It feels like we’ve been here before.
[Quickly checks archive.]
Ahhh, yes. We have. We’ve built the business case for content marketing here. And here. And here.
But here’s an interesting anecdotal tidbit for you. The overriding purpose behind establishing a content marketing strategy has changed as we round the bend of the third quarter of 2021.
So, first, let’s just call 2020 the “weirdness” – and go to 2019 for comparison to 2021. In 2019, my consulting group helped 30-ish clients develop a business case and strategy for content as a function in the business. At least 25 (83%) were primarily focused on developing a better lead-generation engine. Four (13%) were focused on brand and purpose-driven strategies. And the remaining one (4%) was focused on loyalty and better customer experiences post-sale.
This year, we’ve worked with 20 companies so far. Fifteen (75%) have been focused on how content marketing can help enhance an overall brand strategy or assist with awareness programs to help strengthen the earliest parts of the customer’s journey. Interestingly, the other five (25%) have all been focused on driving better digital sales enablement.
Additionally, and in a satisfying turn, significant progress seems to have finally sunk in around instituting content as a function, an operation, and not just a series of one-off campaigns. In 2019, there was still a significant drive to optimize content marketing as simply a series of discrete campaigns.
Answering a different question
In 2021, the strategy/challenge is focused on two key (and different) questions:
- How do we successfully build (or merge as the case may be) the teams of content strategy (governance, processes, structured content, data, and technology) with content marketing (creating valuable, purpose-driven, content experiences).
- How do we scale this new operation to make it efficient, measurable, and manageable?
The business case has changed. It’s no longer selling content marketing as a concept. If your business case is to prove the concept of showing the C-suite how competitor X has an amazing blog, competitor Y won an award for their white paper program, or competitor Z is driving better awareness with their print magazine, you’ll mostly get shrugged shoulders and a lifted eyebrow.
You see, many marketers are still answering “why should we do content marketing,” believing the C-suite is skeptical. They aren’t. They’re wondering why it’s taken so long for us to get there.
Put simply: We’re asking for a new model car and the CEO is saying, “What the hell have you been doing with all the parts that we’ve been buying?”
Business case for strategic content operations
Make no bones about it – this pushback hits every aspect of any content strategy we want to stand up. Just as an example, our last two advisory engagement inquiries weren’t about why they should launch a content marketing approach. In both cases, the CMO had issued a directive to launch strategic content marketing. But to make the resources available to do that, they had to fix the entirety of content as a strategic function.
“Beware,” one of them said. “Our CEO now doesn’t believe we have the ability to do this. She believes we already have too much content.” But the thing is, once we dig in, it’s not that the CEO doesn’t believe in content marketing. Nor is it that she doesn’t understand what content marketing is. She’s skeptical about why no one has bothered to think strategically about all this stuff in the first place.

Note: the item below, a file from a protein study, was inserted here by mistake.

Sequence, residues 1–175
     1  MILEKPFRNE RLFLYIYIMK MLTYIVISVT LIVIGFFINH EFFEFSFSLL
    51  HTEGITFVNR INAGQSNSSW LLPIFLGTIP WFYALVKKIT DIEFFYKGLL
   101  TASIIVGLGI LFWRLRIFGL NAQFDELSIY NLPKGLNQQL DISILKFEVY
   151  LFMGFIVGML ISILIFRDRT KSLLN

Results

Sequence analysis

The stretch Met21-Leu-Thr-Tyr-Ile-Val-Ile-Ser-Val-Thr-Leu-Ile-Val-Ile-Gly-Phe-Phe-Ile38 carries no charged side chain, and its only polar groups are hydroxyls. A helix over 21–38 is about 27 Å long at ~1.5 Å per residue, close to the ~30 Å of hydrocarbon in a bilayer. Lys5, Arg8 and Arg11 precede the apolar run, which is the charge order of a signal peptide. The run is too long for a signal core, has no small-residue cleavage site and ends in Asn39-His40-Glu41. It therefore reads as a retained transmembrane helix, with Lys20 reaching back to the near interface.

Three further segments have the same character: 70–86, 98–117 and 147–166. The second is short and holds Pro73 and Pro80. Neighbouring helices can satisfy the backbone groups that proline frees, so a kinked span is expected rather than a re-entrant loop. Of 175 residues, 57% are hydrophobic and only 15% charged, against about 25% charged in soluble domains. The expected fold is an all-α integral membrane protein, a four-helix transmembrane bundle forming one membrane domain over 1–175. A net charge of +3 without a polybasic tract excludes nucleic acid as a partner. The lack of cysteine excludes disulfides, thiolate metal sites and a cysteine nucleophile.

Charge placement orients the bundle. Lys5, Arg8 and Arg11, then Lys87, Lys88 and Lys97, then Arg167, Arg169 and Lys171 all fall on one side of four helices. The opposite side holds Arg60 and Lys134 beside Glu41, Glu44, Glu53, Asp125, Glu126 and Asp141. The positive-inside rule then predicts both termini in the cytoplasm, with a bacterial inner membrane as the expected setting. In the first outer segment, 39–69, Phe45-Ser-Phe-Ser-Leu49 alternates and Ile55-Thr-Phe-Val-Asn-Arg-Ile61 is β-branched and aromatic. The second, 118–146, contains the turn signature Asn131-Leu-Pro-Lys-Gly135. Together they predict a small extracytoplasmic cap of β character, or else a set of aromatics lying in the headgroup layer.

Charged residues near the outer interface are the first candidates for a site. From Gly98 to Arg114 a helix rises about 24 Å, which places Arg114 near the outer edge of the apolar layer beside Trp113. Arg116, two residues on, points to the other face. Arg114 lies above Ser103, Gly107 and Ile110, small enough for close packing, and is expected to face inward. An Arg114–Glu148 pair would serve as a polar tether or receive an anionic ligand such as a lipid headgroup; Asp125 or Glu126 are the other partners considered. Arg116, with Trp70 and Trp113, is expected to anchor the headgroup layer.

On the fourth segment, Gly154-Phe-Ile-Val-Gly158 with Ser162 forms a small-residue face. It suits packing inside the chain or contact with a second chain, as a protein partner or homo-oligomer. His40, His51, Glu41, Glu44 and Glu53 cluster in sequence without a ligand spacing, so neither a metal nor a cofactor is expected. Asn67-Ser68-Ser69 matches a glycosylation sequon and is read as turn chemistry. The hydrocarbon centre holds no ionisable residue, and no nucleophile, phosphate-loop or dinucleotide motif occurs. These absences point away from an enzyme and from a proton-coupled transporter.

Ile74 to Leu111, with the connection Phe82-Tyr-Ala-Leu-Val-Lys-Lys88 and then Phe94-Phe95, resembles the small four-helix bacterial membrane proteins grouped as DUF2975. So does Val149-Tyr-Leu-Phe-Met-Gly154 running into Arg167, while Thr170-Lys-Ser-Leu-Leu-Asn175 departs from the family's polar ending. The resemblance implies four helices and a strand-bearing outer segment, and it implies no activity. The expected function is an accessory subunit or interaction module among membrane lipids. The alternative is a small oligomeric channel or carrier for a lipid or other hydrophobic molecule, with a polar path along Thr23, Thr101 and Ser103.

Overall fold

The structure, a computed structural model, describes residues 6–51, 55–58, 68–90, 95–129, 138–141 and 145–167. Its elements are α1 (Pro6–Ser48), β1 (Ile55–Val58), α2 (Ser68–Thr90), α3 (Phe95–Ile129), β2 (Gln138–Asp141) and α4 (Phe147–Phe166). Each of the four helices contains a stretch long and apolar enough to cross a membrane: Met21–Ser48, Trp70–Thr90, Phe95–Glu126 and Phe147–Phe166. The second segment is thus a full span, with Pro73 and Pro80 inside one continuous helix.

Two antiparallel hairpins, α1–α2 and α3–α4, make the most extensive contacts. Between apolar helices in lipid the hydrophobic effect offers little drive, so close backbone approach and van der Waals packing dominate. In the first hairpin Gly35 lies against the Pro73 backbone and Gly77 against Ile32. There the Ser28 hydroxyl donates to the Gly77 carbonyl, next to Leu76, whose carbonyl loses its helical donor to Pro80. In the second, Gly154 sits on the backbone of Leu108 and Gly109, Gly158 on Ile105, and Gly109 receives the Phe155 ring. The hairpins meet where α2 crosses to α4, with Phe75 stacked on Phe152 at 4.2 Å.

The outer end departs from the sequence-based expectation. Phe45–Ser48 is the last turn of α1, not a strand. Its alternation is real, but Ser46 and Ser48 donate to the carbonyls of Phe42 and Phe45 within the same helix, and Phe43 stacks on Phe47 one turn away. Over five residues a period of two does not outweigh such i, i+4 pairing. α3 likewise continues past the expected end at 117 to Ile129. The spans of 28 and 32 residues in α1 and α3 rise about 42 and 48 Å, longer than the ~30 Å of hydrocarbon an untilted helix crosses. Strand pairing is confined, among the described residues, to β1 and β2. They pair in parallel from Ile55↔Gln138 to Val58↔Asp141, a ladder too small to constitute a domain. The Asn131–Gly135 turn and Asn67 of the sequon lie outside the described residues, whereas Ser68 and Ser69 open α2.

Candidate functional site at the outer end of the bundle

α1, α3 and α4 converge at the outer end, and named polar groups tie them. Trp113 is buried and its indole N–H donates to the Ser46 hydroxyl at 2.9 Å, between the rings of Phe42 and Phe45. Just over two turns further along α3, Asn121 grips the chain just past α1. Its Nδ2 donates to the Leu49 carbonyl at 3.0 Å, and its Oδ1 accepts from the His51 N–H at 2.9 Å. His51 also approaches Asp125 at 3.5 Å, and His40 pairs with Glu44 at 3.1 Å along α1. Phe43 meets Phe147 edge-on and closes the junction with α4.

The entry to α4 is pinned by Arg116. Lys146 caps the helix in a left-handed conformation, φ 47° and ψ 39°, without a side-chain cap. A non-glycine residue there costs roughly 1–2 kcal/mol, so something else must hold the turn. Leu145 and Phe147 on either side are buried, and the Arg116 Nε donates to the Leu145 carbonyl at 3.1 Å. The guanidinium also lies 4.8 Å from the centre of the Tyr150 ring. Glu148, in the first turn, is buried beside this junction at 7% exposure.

Let’s look at the common pushbacks to implementing content – and specifically content marketing – as a strategic function that we’re hearing in 2021 and address them one by one.
Let me count the ways
In CMI’s 2021 research across thousands of marketers, we examined which factors marketers attributed to a minimal or lack of content marketing success. By a huge margin, the top two factors were “content creation challenges” and “strategy issues.”
Just to the point made earlier, this is where the “we-already-suck-at-it” pushback comes from senior management. Why should they invest MORE in content, when your brand struggles at the content you’re already creating?
Of course, no one actually says this part out loud. Business leaders couch their concerns in much more “business appropriate” language for this. We hear things like:
- “There is already too much content. Shouldn’t we reduce the amount of content we are creating?”
- “Content marketing costs too much. Isn’t advertising/paid media more efficient?”
- “How can we compete? I don’t know if we’re capable of creating differentiated”
- “We can’t tie the content marketing approach to revenue. Where’s the data? How will we measure this?”
Let’s acknowledge every single one of these concerns is or has been true at different times. Now, let’s address each one and figure out how to make the business case.
There’s already too much content
There is no doubt that we produce too much content. There is also no doubt that we don’t use it to its fullest extent. Much of our marketing content goes unused by sales. So many of the pieces we create are never reused or repackaged. We pour content into our blog, but never promote or put any paid media behind it.
What gives? What’s the answer?
All of these are symptoms of not having codified our content operating model. Yes, we can build a smart “factory” of content, but unless there’s a specific purpose behind what we put on the assembly line, the widgets won’t ever be valuable and we won’t know when we’re making too many.
The answer to the “there’s already too much content” objection is to acknowledge it and respond that is the primary business case for putting a strategy behind it. One of my favorite questions to ask a CFO to make a business case for content is, “How much did you spend on content last year?” The answer (if it can be answered at all) is that it’s almost certainly the biggest expense that’s not actually tracked by the company.
We MUST get our arms around this. Developing an operational model for content is the critical piece of solving our ability to track not just how much we are spending, but for the planning, activation, and measurement of all the content we will produce. To know how much content is enough because that little voice in the brain that asks – Are we actually creating too much content? – is correct. It’s rarely not that we are making too much different content. We are simply stuck in a cycle of duplicating things in a never-ending rinse and repeat cycle.
What does that look like? I detailed a bit of it in one of my recent episodes of Marketing Makers. That brings us to the second objection.
Content marketing costs more